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Posted 14 May 2018 - 03:02 AM

Contact the builder if it came as a complete unit.
Contact the assembler if it was put together for you.

If you did it then first thing is what voltage is the battery and have you checked its ability to supply a good power. If ok check the timing.

Battery tested fine and the timing didn't change as I didn't change the cam or crank. 



#6 Moke Spider

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Posted 14 May 2018 - 03:35 AM

Local shop did the machining and I put it back together. I'm worried cause when i picked up the block the guy who did the work said he bored it to fit the pistons that I supplied and mentioned that he didn't go as big as the spec said to. Said he based it off the pistons. Since I don't know anything about that type of thing I'm worried the tolerance was too tight.

 

Sorry, but I have some less than encouraging words here,please, don't misunderstand me though, I am indeed very sympathetic to what you may now have to face. That is in fact the correct way to go about business (to base the finished bore sizes off the pistons), however, be aware too that ultimately, it is up to the assembler to check everything prior to and during assembly. If some of the machining operations or parts are not correct, then all that (say) the machine shop is liable for is rework on that.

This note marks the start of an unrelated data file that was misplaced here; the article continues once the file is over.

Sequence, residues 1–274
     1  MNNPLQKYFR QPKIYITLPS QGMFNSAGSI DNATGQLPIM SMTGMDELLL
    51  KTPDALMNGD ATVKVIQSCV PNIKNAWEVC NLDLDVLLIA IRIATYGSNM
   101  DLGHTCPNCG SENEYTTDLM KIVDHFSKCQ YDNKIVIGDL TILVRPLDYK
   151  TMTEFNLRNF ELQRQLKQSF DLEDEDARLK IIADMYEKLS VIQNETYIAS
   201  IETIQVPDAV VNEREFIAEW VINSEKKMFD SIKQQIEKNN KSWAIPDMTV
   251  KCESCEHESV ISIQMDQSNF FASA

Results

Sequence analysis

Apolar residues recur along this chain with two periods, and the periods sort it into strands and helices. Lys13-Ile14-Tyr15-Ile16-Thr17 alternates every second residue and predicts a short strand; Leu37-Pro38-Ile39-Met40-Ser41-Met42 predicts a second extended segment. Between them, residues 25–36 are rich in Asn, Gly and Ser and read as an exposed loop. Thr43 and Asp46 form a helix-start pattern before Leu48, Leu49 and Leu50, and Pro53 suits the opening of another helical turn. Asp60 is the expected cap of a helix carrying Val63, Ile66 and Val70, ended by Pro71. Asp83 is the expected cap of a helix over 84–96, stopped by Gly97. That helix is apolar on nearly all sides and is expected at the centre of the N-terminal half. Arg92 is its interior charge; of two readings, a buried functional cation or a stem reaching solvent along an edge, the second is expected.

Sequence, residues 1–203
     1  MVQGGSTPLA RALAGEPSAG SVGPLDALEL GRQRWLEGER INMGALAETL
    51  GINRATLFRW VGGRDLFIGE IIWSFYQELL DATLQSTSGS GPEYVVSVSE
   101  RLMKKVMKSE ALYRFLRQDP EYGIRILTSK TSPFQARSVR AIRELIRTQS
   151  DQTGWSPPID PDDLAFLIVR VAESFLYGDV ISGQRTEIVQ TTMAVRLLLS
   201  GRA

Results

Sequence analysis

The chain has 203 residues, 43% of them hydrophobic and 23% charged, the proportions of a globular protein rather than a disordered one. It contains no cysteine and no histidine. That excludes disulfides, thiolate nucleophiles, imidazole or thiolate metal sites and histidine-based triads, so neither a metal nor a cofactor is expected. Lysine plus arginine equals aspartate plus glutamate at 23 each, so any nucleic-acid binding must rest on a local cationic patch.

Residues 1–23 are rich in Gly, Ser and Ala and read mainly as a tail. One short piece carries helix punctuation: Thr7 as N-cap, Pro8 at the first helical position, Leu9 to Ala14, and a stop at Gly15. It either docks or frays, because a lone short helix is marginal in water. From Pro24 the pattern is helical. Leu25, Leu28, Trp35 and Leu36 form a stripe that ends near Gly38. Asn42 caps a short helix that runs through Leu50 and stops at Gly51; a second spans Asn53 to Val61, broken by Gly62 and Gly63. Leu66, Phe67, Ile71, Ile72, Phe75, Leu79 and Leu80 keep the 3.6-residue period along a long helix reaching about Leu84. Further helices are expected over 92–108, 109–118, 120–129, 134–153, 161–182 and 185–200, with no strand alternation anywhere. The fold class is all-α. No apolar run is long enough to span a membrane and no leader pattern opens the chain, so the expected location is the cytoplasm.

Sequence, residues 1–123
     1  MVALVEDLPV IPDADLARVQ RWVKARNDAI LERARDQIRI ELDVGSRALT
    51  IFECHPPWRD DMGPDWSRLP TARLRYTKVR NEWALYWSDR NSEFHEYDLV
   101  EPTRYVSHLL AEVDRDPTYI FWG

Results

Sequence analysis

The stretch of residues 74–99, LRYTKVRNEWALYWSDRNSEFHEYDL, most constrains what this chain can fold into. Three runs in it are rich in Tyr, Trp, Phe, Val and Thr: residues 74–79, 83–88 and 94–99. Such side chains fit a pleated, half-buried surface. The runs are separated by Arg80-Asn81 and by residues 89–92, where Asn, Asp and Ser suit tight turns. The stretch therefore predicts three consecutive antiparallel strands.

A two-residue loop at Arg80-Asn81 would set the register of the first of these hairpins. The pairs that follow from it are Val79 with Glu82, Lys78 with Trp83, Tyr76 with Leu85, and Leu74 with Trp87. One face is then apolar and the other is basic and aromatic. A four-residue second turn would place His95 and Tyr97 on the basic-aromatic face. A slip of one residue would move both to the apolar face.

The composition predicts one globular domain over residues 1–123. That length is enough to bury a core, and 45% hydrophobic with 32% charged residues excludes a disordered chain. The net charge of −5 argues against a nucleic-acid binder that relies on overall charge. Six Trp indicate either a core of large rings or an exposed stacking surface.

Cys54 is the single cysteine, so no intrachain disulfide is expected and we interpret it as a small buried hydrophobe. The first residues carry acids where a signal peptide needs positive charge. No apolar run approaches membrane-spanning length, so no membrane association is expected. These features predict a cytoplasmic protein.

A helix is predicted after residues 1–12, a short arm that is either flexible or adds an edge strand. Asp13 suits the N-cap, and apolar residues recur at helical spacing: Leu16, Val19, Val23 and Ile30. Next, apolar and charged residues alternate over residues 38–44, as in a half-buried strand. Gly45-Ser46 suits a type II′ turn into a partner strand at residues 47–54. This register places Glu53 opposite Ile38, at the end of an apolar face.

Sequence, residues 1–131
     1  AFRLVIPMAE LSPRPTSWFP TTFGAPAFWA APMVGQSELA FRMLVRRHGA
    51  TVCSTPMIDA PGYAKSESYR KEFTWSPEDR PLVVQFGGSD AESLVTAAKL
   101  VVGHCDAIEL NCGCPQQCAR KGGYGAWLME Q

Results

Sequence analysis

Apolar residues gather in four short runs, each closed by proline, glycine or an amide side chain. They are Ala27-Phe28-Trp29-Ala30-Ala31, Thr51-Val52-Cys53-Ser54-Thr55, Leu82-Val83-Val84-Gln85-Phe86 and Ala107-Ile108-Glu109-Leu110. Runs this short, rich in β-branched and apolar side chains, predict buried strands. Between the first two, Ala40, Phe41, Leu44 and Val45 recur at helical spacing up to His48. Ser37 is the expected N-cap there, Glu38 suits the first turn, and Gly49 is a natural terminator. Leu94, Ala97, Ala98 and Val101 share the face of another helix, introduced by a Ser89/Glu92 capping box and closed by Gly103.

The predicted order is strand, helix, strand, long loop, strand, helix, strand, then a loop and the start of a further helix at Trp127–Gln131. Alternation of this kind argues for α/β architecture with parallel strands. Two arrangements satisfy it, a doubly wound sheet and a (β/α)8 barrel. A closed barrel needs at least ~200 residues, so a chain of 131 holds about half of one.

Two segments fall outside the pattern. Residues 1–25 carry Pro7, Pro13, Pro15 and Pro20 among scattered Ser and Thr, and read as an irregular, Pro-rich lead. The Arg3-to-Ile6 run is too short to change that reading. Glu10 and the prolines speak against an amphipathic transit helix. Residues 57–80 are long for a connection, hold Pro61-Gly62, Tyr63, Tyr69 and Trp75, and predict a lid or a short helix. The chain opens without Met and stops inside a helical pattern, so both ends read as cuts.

#7 Syma

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Posted 14 May 2018 - 03:40 AM

 

Local shop did the machining and I put it back together. I'm worried cause when i picked up the block the guy who did the work said he bored it to fit the pistons that I supplied and mentioned that he didn't go as big as the spec said to. Said he based it off the pistons. Since I don't know anything about that type of thing I'm worried the tolerance was too tight.